The City argues that even if it is required to prove anything beyond the mere existence of contamination, summary judgment in its favor is proper because it has presented evidence of substantial public impact. The City argues that it "has submitted an extensive amount of evidence regarding the interference with the use and development of the Qualcomm site due to the contamination, as well as its impact on rental value and contracts regarding the site . . . ." [Doc. No. 251 at 5.] However, as the Court previously concluded, the City lacks evidence of the impact on the City's ability to develop, rent, or use the Property. Thus, the City cannot rely on these damages theories to show public impact.
As explained herein, the City lacks evidence that Kinder Morgan's conduct hindered its ability to freely use the Property. Accordingly, the Court finds that the City lacks evidence that Kinder Morgan created a condition that interfered with the free use of the Property. However, even if the City had evidence that the contamination restricted its free use of the Property, this would merely satisfy the first element of the public nuisance claim and would not address Kinder Morgan's argument that the City lacks evidence on the second element--that "the condition affected a substantial number of people at the same time."
As Kinder Morgan argues, it is entitled to summary judgment on the public nuisance claims because, in addition to the lack of evidence that the subsurface contamination has had an impact on the public's use of the Property such that it has "affected a substantial number of people at the same time," undisputed evidence exists that the contamination has not affected a substantial number of people at the same time:
It is . . . undisputed that neither the petroleum releases nor the remediation have interfered with the use of the Property as a Stadium, cost the City any rent under its existing leases (which it cannot lawfully terminate), or caused the cancellation of any events. Nor can the City demonstrate that anyone has even perceived the underground petroleum. The City boasts that hundreds of thousands of visitors come to more than 200 annual events at Qualcomm Stadium each year. Despite millions of visitors to thousands of events since 2004, there is no indication that anyone was aware of or affected by petroleum impacts beneath the parking lot. In brief, the City cannot show that anyone-let alone a substantial number of people-has been harmed as a result of the conditions it alleges.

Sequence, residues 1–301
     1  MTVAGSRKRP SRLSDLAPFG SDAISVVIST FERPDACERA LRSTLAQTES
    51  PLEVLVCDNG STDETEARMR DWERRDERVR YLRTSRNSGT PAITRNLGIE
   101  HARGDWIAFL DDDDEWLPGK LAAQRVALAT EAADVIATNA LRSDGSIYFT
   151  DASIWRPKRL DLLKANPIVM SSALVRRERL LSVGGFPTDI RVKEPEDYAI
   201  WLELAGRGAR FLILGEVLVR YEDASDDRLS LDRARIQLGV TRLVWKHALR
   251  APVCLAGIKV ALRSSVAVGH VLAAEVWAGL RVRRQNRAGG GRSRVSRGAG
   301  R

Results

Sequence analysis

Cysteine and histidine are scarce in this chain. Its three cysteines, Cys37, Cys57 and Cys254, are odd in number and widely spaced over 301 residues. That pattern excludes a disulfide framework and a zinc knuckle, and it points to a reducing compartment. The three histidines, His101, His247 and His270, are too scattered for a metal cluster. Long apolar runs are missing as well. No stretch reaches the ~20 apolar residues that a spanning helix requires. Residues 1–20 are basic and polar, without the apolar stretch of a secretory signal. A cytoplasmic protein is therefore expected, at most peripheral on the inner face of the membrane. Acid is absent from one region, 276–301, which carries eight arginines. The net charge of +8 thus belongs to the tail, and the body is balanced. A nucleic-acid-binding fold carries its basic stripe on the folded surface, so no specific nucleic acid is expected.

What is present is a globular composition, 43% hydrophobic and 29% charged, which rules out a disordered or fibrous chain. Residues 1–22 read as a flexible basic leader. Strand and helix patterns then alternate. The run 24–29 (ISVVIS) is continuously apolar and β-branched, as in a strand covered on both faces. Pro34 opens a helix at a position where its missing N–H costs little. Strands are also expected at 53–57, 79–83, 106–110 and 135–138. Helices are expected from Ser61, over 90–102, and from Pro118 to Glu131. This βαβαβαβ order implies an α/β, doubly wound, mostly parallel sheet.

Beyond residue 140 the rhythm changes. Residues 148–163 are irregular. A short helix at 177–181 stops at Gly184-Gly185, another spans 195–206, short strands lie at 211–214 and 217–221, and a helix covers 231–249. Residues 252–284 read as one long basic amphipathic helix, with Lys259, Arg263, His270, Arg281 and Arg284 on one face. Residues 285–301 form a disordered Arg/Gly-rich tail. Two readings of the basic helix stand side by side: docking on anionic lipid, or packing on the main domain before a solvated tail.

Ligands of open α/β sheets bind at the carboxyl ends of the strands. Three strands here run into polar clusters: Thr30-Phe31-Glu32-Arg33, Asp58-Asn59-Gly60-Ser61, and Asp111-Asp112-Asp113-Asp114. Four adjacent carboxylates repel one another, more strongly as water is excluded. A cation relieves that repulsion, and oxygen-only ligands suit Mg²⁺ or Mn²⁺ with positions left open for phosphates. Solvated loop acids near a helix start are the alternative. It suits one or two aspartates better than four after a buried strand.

[Doc. No. 218 at 6 (citations to evidence omitted).] In its reply brief, rather than present evidence to rebut Kinder Morgan's arguments and identify evidence that the contamination has affected a substantial number of people, the City instead asserts that the public nuisance claims are public nuisance per se claims. [See Doc. No. 251 at 4-5.] The City also asserts that "it is ludicrous to assert that no one in San Diego was aware of contamination under the Stadium." However, mere knowledge of contamination is not probative of the fact that anyone--much less a substantial number of people--was "affected" by the condition Kinder Morgan created, and such an inference cannot be made from the mere fact of knowledge of contamination. Accordingly, because the City lacks evidence on the "substantial impact" element of the public nuisance tort, the City cannot prevail at trial, and Kinder Morgan is entitled to summary judgment on the public nuisance claim.
F. Kinder Morgan's Motion for Summary Judgment on the City's Section 17200 Claim
Finally, Kinder Morgan moves for summary judgment on the City's seventh cause of action, which asserts violations under California's Unfair Competition Law ("UCL"), codified at Business and Professions Code section 17200 et seq. ("Section 17200"). The City alleges Kinder Morgan knowingly discharged or released chemicals "known to cause cancer or reproductive toxicity into water or into land where such chemical passes or probably will pass into a source of drinking water." [FAC ¶ 131.] The City claims these releases violate several state laws and regulations, including California Water Code sections 13350 and 13387, California Health and Safety Code sections 5411, 5411.5 and 25249.5, and California Fish and Game Code section 5650, forming the basis for its Section 17200 claim. [Id.] The Court finds that the City has no evidence to support its Section 17200 claim and therefore GRANTS Kinder Morgan's motion.